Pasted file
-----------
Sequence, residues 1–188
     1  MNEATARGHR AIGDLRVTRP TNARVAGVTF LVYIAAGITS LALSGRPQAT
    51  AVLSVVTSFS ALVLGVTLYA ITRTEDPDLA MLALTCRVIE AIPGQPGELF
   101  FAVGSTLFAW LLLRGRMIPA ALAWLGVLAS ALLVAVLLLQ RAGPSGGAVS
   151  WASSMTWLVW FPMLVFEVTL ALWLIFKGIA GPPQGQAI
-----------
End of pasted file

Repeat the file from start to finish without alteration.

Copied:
Sequence, residues 1–188
     1  MNEATARGHR AIGDLRVTRP TNARVAGVTF LVYIAAGITS LALSGRPQAT
    51  AVLSVVTSFS ALVLGVTLYA ITRTEDPDLA MLALTCRVIE AIPGQPGELF
   101  FAVGSTLFAW LLLRGRMIPA ALAWLGVLAS ALLVAVLLLQ RAGPSGGAVS
   151  WASSMTWLVW FPMLVFEVTL ALWLIFKGIA GPPQGQAI